Youth: And Two Other Stories
Doubleday, Page, 1924 - 339 Seiten
Heart of darkness: The narrator, Marlowe, journeys on business deep into the heart of Africa. There he encounters Kurtz, an idealist apparently crazed and depraved by his power over the natives, and the meeting prompts Marlowe to reflect on the darkness at the heart of all men.
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Seite 37 - I remember my youth and the feeling that will never come back any more — the feeling that I could last for ever, outlast the sea, the earth, and all men; the deceitful feeling that lures us on to joys, to perils, to love, to vain effort — to death...
Seite 41 - ... of an Eastern crowd. And all these beings stared without a murmur, without a sigh, without a movement. They stared down at the boats, at the sleeping men who at night had come to them from the sea. Nothing moved. The fronds of palms stood still against the sky. Not a branch stirred along the shore, and the brown roofs of hidden houses peeped through the green foliage, through the big leaves that hung shining and still like leaves forged of heavy metal. This was the East of the ancient navigators,...
Seite 138 - I said with emphasis. He started, dropped on me a cold heavy glance, said very quietly, 'He WAS/ and turned his back on me. My hour of favor was over; I found myself lumped along with Kurtz as a partisan of methods for which the time was not ripe: I was unsound! Ah! but it was something to have at least a choice of nightmares.
Seite 155 - I had a vision of him on the stretcher, opening his mouth voraciously, as if to devour all the earth with all its mankind.
Seite 48 - Marlow was not typical (if his propensity to spin yarns be excepted), and to him the meaning of an episode was not inside like a kernel but outside, enveloping the tale which brought it out only as a glow brings out a haze...
Seite 118 - He began with the argument that we whites, from the point of development we had arrived at, "must necessarily appear to them [savages] in the nature of supernatural beings - we approach them with the might as of a deity," and so on, and so on. "By the simple exercise of our will we can exert a power for good practically unbounded,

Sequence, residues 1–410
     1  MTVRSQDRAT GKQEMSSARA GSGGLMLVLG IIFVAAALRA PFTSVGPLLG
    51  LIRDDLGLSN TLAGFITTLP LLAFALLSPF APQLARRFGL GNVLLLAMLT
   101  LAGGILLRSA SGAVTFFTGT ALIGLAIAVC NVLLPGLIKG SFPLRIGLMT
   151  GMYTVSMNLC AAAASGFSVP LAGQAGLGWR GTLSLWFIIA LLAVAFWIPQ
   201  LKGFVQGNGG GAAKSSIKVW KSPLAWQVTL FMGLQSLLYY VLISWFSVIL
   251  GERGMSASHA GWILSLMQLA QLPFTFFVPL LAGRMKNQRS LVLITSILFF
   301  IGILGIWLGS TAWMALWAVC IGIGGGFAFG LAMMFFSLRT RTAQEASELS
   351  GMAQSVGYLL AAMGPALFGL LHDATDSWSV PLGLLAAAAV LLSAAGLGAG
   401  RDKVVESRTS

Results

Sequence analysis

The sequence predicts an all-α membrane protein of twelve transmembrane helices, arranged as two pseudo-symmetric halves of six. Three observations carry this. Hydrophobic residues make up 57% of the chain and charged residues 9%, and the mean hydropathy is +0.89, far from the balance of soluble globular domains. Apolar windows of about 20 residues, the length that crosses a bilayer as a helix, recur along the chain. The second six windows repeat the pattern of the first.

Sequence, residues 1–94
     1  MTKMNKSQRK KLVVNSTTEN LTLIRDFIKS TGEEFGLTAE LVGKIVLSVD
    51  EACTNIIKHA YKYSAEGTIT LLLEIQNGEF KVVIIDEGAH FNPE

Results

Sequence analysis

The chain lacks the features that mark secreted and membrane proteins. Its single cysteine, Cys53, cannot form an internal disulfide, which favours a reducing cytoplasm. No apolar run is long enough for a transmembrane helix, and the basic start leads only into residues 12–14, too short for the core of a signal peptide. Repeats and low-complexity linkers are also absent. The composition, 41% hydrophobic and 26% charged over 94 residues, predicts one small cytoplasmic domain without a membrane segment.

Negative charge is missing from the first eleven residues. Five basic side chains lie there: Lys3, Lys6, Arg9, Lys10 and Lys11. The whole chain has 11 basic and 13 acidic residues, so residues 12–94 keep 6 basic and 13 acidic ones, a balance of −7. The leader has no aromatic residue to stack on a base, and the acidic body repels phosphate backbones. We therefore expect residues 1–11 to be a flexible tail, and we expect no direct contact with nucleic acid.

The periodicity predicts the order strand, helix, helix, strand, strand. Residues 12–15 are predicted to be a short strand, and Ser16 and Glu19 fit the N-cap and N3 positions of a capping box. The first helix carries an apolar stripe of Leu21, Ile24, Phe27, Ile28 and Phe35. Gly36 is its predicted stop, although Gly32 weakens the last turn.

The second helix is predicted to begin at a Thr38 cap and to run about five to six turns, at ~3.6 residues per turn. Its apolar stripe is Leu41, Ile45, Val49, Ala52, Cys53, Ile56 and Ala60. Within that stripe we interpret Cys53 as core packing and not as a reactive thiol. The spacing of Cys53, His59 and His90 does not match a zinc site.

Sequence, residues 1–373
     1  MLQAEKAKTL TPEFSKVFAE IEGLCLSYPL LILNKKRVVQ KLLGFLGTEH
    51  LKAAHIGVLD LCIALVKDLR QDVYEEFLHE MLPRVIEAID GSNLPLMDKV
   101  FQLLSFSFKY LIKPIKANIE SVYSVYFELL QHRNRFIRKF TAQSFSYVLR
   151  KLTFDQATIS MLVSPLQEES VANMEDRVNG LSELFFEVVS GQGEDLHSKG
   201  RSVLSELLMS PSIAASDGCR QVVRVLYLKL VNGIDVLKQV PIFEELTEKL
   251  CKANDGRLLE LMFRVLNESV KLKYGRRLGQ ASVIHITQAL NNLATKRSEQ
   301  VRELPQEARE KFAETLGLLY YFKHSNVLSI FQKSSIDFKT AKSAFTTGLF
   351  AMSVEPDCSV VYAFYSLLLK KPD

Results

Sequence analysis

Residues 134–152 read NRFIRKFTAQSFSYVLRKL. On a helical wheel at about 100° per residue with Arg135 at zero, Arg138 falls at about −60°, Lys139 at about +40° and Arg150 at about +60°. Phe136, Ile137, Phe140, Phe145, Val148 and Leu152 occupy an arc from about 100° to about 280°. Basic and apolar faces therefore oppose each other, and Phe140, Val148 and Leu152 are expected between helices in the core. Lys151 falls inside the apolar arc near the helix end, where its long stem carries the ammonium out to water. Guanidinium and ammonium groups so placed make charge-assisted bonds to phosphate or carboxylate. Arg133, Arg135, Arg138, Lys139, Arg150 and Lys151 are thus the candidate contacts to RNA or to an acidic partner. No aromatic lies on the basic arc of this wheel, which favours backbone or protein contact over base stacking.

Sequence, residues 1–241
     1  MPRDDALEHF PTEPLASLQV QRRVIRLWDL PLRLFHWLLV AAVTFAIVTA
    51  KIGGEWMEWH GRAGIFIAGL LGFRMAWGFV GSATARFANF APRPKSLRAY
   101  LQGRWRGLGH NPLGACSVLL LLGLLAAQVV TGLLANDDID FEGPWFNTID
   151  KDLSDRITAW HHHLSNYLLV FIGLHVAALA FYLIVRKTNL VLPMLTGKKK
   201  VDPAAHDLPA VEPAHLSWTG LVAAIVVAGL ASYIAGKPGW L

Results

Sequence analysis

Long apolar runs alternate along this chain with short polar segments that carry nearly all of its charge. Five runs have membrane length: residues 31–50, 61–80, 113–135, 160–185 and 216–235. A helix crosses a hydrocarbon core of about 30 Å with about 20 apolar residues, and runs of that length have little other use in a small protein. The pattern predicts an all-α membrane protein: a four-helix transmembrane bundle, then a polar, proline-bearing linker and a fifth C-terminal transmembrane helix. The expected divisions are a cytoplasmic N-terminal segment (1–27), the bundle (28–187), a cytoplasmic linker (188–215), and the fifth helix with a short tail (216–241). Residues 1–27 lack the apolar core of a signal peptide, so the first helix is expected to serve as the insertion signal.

Seite 93 - When you have to attend to things of that sort, to the mere incidents of the surface, the reality — the reality, I tell you — fades. The inner truth is hidden — luckily, luckily. But I felt it all the same ; I felt often its mysterious stillness watching me at my monkey tricks, just as it watches you fellows performing on your respective tight-ropes for — what is it ? half a crown a tumble " " Try to be civil, Marlow," growled a voice, and I knew there was at least one listener awake besides...
Seite 152 - Their bearing, which was simply the bearing of commonplace individuals going about their business in the assurance of perfect safety, was offensive to me like the outrageous flauntings of folly in the face of a danger it is unable to comprehend.
Seite 156 - She came forward, all in black, with a pale head, floating towards me in the dusk. She was in mourning. It was more than a year since his death, more than a year since the news came; she seemed as though she would remember and mourn forever. She took both my hands in hers and murmured, 'I had heard you were coming.